Sign up ×
Stack Overflow is a community of 4.7 million programmers, just like you, helping each other. Join them; it only takes a minute:

I have basic tables one and two. Let`s call them tbl1 and tbl2.

1 - apple |
2 - orange |
3 - banana |
4 - pineapple

1 - table |
2 - chair |
3 - sofa |

Then there is tbl3 that has foreign keys that link it to both tables above.

Table 3 form has two select fields: one that queries tbl1 and another that queries tbl2. So far, so good. I combine items from tbl1 and tbl2 in tbl3.

Then I have the following situation: When users fulfill tbl3, I want the select2 (corresponding to data from tbl2) to reload after the user has picked an item from tbl1. What for?

Let`s say that for the first time fulfilling tbl3 the user has picked "apple" from tbl1 and "sofa" from tbl2. When the user selected "apple", the second dropdownlist reloaded with all the 3 items as options.

Now, the second time the user fulfills a tbl3 form, if the user selects "apple" again, he will now have only 2 options. apple AND sofa have been picked before. Options now are only "table" and "chair". If he picks "apple" and "table" now, the remaining option for first item "apple" will be "chair". And so on...

I cannot think of an SQL to run this query that grabs elements from tbl2. I must use the selected element from tbl1 and somehow grab the REMAINING items, those that do not correspond to a mach. Is this SQL query possibe? I believe so, but cannot think of a way out.

share|improve this question
it wasn't clear at all. I suggest you post you TSQL attempt... – Mitch Wheat Aug 2 '09 at 6:17

2 Answers 2

up vote 0 down vote accepted

I am guessing that table3 has columns:

User, Tbl1-ID, Tbl2-ID

I am guessing that you want, for user X, the values for tbl2 based on the selecton made from tbl1 that are NOT in table 3.

FROM tbl2
   FROM Table3
   WHERE (User = <this user>) AND (Tbl1-ID = <selected tbl1 ID>)
share|improve this answer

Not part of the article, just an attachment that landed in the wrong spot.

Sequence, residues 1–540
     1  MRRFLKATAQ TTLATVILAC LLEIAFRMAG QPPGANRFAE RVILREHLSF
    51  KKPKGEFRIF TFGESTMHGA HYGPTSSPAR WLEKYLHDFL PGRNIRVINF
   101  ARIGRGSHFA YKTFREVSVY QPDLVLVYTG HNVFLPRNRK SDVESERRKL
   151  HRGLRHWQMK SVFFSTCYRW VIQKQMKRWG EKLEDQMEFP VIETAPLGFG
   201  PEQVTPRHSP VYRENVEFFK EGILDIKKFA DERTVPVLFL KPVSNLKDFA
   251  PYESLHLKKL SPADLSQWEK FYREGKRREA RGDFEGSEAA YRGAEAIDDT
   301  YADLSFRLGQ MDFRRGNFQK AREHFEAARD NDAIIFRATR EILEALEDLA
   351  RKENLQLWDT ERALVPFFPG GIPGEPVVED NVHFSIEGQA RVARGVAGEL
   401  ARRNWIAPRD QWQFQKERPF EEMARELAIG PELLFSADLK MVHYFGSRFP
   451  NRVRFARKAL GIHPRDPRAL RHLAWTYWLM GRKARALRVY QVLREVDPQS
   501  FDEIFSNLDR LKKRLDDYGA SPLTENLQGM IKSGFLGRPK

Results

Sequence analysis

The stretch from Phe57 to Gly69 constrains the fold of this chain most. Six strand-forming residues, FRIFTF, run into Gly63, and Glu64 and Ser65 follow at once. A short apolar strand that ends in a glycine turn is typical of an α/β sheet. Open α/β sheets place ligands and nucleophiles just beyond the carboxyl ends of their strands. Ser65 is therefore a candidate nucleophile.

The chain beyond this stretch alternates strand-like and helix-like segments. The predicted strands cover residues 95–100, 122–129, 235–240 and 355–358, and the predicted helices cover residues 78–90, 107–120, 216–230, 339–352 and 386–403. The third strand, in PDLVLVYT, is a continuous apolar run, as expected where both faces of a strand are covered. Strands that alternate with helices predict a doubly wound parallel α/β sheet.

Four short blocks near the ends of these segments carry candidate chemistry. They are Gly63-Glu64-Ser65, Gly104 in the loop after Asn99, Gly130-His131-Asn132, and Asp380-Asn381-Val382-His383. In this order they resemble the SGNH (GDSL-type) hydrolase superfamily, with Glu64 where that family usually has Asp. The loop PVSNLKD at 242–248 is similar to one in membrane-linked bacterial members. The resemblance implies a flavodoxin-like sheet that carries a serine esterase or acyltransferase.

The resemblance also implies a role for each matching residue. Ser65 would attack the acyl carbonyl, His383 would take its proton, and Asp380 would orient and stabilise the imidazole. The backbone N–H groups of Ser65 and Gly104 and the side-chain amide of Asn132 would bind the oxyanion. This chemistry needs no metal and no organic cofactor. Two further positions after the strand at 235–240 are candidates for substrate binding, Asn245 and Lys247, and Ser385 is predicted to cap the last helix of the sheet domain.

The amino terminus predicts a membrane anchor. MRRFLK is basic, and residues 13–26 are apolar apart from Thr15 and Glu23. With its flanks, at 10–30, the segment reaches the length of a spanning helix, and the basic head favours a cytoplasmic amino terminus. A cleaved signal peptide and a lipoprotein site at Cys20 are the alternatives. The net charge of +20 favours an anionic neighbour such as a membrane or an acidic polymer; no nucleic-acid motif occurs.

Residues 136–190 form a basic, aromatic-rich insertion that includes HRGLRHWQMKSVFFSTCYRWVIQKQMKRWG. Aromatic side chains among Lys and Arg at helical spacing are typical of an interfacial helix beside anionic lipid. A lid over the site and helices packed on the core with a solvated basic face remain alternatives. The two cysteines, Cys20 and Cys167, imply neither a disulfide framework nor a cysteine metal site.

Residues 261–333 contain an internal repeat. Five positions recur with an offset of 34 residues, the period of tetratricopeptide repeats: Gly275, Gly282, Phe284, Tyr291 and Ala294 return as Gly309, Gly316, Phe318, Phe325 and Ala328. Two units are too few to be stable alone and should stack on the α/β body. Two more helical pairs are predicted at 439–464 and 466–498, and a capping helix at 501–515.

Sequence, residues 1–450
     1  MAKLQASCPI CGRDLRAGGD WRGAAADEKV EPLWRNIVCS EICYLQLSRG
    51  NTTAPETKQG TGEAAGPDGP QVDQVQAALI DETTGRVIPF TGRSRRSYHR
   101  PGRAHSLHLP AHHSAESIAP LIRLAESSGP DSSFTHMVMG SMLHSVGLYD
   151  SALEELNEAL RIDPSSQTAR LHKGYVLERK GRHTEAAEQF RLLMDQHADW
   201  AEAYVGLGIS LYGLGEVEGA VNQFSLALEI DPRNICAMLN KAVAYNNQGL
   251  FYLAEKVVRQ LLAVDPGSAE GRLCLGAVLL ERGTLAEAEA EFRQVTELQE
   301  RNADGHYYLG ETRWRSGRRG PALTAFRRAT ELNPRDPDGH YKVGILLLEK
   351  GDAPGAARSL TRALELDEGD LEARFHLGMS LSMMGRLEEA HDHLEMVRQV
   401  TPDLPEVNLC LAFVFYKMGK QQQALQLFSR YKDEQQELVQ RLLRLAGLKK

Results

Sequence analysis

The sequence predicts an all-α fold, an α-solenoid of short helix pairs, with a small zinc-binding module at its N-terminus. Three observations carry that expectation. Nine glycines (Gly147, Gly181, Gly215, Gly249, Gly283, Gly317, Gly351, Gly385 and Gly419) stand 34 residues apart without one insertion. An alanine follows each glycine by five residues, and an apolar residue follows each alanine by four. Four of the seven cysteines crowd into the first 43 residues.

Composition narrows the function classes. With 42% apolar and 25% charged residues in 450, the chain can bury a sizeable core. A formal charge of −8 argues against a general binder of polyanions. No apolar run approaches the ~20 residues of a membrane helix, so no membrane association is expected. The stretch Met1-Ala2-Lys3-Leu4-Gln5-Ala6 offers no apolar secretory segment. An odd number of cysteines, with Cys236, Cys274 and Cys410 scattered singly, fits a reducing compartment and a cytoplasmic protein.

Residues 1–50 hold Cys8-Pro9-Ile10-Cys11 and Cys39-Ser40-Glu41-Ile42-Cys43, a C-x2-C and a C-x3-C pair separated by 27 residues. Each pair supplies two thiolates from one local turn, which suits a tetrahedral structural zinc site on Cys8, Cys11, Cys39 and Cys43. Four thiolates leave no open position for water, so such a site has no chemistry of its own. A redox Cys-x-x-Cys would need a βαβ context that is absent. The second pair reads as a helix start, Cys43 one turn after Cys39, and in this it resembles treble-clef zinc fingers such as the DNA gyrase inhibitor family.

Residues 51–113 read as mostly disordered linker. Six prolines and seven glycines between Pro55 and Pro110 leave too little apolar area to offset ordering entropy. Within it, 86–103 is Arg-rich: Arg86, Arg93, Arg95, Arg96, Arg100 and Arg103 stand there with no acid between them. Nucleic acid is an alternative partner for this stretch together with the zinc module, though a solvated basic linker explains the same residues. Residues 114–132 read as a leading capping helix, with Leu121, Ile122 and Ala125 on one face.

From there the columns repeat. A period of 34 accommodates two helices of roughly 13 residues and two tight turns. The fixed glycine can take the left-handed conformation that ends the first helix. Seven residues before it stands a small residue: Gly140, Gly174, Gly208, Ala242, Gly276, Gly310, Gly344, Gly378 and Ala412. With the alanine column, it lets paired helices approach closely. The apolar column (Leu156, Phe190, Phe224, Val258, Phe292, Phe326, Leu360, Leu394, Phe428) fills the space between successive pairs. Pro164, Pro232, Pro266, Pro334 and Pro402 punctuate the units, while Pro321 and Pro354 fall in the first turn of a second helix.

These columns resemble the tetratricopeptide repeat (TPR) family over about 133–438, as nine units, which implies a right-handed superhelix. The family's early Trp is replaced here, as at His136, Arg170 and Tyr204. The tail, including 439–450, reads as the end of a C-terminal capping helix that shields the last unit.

HUm, great, I think that is exactly what i need. Still did not test, but I believe it will work perfectly. thanks. – Marcos Buarque Aug 2 '09 at 6:57

If the links are on a per user basis:

  JOIN TABLE3 t3 ON !=

If the links are are per user basis for:

SQL Server:

  JOIN TABLE3 t3 ON != AND t3.userid = @userId


  JOIN TABLE3 t3 ON != AND t3.userid = :userId
share|improve this answer
Thank you for the solution. I have adopted the other one from the previous user because it arrived first. It works all right. I did not test yours, but I am sure it would work also. I don't know if yours would consume less in terms of database processing (since his has a SELECT inside a SELECT, or if it would be the same. Thanks. – Marcos Buarque Aug 3 '09 at 18:58
@Marcos: Typically a subselect will be slower than a JOIN. In order to process the actual query, the database will have to run the subselect first in order to know what to retrieve. Rule of thumb is JOIN is better than EXISTS, which is better than IN - ultimately, the explain plan will truly tell you. Thanks for reviewing & marking me up. – OMG Ponies Aug 4 '09 at 4:00

Your Answer


By posting your answer, you agree to the privacy policy and terms of service.

Not the answer you're looking for? Browse other questions tagged or ask your own question.